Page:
‘Tis The Season…

… when I have The Messiah on loop playing on my compewder, and I exhort you to join me in listening to the most compelling version of the magnificent musical devotional I know.  This one is presented by Collegium 1704, the Prague ensemble committed to playing Baroque music on Baroque instruments interpreted as closely as possible to the way that music was played at the time of its creation.  This performance and setting are to my eye and ear flawless.

I have loved The Messiah since I was but a little boy, playing it over and over on our portable record player and eventually owning perhaps a dozen versions to play on my grown-up stereo.   This version is by far my favorite, its tempo and expressiveness are lively and overwhelmingly joyous.  How could it not be, it is the grandest story of all wherein Creation is reconciled to the Creator through sacrificial Redemption?  The sprightly pace in some passages might be a bit startling to those of you who have had to endure the multitude of turgid Messiah performances over your life.  All to often it is performed as a dirge rather than a joyous celebration.

But this performance is spectacular in every way.  The setting is Divine, the musicianship is virtuosity itself, the choral ensemble is angelic, and the soloists are all captivating, especially alto Delphine Galou who is radiantly sublime.  I could listen to her singing the Federal Budget.

In watching the performance I am always impressed with the Colloquim’s commitment to period musical instruments, I find myself looking for details of the ancient tools they are using.  While those in the viol family appear to have not changed in 300 years, the same is not true for the brass and woodwind clan.  Some of them look downright odd.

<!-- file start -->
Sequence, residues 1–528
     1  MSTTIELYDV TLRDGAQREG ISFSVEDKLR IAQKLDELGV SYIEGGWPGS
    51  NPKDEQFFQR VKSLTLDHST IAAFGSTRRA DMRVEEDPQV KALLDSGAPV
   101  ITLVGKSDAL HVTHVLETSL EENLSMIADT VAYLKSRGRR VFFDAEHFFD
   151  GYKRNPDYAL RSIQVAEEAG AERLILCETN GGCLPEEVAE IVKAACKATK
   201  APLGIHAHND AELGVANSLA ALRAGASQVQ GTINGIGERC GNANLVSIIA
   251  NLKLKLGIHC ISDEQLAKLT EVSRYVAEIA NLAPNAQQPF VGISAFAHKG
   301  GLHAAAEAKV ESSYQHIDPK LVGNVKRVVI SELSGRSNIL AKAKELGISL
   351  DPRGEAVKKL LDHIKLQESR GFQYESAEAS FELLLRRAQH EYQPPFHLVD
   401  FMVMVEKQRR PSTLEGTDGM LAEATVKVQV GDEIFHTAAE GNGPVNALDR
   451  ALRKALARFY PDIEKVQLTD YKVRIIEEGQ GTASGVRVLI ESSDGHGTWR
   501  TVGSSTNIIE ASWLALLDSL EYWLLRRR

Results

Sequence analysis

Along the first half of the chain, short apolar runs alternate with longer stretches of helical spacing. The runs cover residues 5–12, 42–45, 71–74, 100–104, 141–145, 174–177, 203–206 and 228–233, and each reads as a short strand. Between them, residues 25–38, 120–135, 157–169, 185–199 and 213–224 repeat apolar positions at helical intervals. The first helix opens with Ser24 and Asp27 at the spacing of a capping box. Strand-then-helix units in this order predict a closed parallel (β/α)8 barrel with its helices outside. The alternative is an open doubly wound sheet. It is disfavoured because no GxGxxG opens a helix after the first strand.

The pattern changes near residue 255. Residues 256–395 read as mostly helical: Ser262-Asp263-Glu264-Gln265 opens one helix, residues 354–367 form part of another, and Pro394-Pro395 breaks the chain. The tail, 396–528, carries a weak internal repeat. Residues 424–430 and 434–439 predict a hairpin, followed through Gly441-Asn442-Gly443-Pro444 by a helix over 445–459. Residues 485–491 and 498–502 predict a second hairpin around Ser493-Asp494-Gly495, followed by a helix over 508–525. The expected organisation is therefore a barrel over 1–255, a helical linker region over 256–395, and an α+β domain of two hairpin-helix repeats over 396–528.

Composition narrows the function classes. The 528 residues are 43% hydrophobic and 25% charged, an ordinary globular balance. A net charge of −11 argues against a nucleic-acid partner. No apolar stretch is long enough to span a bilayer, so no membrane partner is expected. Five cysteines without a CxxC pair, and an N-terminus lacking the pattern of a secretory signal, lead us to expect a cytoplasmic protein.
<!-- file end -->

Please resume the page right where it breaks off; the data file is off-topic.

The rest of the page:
An instrument I wonder about is the one directly in front of the conductor, it looks vaguely like a roll-top desk.  I find myself wondering if it is one of the console pipe organs from Taylor and Booty, just down the road from me.  We have toured their facility two or three times as a family, it is an amazing facility producing other-worldly instruments.

I forget whether this is Mr. Taylor or Mr. Booty who was giving us this tour in 2007, showing off one of their console pipe organs.  The guts are packed tighter than a 1972 Boss 428 Mustang engine compartment, the one where you have to loosen the brake master cylinder to get to the spark plug on cylinder #8.  Elder dottir is a pipe organist and really wanted one of these babies.  All it took wa$ lot$ of moolah.  Lot$.  Hence, she no has.

Much like a wooden boat, which has to look a particular way but whose most important feature is being water tight, so to are musical instruments; they have to fit the human body (or in some ases an architectural surrounding)  but still sound lovely.